I’ve always thought of Calcium as an important part of my diet. Growing up I was told of its importance. We all heard the slogan, ‘Milk, it does a body good.’ When my mom was diagnosed with osteoporosis I started taking inventory of my calcium intake. I wanted to make sure I’m getting enough to keep my bones strong as I age. That’s all fine and good, but no one ever mentioned Magnesium as an important mineral to have in my diet. Why emphasize one piece of a good diet and overlook others?
Today I complained to my physical therapist of moderate joint pain. This is to be expected in a knee that I shattered 5 months ago. (See WT blog ‘Broken Leg Blues, March 3) I have been taking ibuprofen, tylenol, and hydrocodone as needed to dull the pain during the night. At this point I’m open to new ideas. To my surprise, she recommended taking a Magnesium supplement as an alternative to help with the aches and pains. I went home eager to learn more.
What I found was very informative. Magnesium is very important to our bodies and works as a ‘gatekeeper’ for calcium absorption. Especially with our highly processed foods today, many of us are potentially deficient. This can cause amplification of pain, osteoporosis, high blood pressure, migraine headaches, muscle pain and spasms, and other severe health issues. Personally, I’m currently concerned with decrease of muscular and skeletal pain. Magnesium might be a good holistic solution which could have added benefits down the road.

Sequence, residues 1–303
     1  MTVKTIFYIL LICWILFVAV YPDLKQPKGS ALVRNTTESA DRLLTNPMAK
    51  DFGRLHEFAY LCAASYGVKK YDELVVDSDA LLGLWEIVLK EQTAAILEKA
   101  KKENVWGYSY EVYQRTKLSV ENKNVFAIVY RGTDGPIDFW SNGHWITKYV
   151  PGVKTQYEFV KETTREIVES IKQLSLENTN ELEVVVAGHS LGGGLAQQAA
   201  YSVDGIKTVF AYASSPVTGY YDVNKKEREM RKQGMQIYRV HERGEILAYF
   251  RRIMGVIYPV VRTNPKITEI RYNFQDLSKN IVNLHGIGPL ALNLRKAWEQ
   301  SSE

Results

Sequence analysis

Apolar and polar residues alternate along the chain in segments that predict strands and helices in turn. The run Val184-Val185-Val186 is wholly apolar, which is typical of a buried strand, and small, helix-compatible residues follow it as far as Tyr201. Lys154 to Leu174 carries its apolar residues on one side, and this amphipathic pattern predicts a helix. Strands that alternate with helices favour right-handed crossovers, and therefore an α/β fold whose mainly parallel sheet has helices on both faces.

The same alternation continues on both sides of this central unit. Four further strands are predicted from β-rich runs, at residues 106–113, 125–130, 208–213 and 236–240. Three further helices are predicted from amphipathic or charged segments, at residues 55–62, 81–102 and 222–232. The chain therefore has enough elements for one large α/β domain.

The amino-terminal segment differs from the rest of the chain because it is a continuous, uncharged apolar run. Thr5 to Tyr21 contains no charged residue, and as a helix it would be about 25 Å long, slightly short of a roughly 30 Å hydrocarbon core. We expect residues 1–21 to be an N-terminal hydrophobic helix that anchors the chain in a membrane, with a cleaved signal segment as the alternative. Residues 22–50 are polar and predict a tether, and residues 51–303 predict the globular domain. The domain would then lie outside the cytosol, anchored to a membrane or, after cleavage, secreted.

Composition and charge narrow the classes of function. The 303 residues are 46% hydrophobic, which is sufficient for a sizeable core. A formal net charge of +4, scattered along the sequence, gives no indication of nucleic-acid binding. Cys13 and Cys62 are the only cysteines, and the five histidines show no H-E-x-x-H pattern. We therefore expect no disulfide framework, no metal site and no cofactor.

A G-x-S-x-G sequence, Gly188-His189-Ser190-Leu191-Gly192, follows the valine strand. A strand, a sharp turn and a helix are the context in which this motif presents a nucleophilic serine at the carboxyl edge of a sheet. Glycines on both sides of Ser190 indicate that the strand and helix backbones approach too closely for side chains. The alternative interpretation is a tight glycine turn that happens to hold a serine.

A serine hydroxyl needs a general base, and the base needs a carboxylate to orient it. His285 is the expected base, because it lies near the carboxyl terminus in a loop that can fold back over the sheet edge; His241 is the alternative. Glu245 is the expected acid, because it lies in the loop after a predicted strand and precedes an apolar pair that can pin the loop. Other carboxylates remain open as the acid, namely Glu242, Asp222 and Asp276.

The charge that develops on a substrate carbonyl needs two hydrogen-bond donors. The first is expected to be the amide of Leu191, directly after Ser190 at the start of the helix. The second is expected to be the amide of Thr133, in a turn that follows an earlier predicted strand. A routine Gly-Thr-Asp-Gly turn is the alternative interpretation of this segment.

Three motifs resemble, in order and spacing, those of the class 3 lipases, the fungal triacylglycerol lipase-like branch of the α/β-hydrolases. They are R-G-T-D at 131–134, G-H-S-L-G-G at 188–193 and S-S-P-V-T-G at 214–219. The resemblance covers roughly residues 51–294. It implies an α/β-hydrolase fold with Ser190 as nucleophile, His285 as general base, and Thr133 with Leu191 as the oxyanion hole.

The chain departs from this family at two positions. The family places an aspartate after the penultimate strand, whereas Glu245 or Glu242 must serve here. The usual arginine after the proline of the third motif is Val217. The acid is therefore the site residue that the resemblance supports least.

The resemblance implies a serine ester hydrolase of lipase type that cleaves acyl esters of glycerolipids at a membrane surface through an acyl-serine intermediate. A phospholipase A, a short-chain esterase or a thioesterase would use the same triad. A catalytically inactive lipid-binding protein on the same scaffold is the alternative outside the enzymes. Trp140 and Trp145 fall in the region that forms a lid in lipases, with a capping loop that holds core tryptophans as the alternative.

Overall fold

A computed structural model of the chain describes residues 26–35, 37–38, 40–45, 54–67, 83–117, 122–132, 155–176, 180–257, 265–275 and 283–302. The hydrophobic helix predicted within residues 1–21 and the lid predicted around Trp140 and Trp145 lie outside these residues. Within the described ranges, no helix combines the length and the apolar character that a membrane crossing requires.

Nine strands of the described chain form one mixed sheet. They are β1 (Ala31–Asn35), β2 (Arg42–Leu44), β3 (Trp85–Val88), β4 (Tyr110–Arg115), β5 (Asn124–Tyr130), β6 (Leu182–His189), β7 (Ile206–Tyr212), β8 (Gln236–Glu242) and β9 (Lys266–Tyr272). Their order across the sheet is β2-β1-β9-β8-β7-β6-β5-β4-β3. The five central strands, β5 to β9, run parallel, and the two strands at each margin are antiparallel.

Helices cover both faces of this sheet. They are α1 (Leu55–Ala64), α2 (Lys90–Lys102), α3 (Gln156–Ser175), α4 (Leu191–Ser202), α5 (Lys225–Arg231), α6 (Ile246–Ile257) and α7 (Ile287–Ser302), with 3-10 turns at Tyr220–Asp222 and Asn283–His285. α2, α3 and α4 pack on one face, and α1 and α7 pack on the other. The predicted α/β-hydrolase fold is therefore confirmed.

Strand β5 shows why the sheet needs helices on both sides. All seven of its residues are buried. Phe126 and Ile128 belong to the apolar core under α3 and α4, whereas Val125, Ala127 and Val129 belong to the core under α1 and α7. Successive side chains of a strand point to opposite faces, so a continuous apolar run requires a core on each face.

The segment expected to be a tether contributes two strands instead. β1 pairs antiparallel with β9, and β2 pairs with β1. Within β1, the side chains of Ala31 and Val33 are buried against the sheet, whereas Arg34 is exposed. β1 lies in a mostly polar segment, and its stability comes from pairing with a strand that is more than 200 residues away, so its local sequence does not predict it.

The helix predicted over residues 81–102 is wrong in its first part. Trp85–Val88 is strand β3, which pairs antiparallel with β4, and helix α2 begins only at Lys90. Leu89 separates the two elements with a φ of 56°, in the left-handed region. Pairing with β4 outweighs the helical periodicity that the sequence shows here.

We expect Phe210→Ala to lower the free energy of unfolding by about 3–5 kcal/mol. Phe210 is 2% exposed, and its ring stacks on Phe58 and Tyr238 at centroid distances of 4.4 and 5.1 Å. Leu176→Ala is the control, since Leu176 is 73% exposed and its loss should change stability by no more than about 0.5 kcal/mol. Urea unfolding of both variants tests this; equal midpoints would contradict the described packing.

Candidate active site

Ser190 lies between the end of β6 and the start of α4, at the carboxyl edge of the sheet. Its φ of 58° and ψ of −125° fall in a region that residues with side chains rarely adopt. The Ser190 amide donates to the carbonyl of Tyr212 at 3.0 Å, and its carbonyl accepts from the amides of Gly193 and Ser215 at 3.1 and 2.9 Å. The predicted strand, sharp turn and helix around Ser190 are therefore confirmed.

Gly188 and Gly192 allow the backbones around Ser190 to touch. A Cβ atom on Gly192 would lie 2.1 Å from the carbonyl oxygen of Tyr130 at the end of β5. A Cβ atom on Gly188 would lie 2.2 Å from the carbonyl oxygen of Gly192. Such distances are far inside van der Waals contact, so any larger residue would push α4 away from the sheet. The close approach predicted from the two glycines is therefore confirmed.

Of course, moderation is key. A supplemental dose of more than 350mg per day is not recommended. A safer way to be sure to get enough magnesium is from dietary choices. After all, I’m not a huge fan of taking a handful of supplement vitamins in the form of big white pills. They hurt my stomach, and personally I would rather eat foods to give the same benefit.
Good sources of magnesium are nuts (especially almonds and cashews), seeds like pumpkin, sesame or sunflower, beans, dark greens like swiss chard and spinach, halibut, and whole grains.
Making this change is pretty easy, and inexpensive. A great breakfast idea is oatmeal with coconut almond milk. Toss in some pumpkin seeds, nuts, raisins and/or bananas and peanut butter and mix. A quick and easy way to get some good vitamins and minerals! I am an avid bacon eater, but I’m willing to branch out to bring me pain relief. Bacon on the side? 😉
As always, ask a doctor to see if diet alterations and/or supplements are right for you!
A great website with magnesium milligram (mg) amounts in different foods—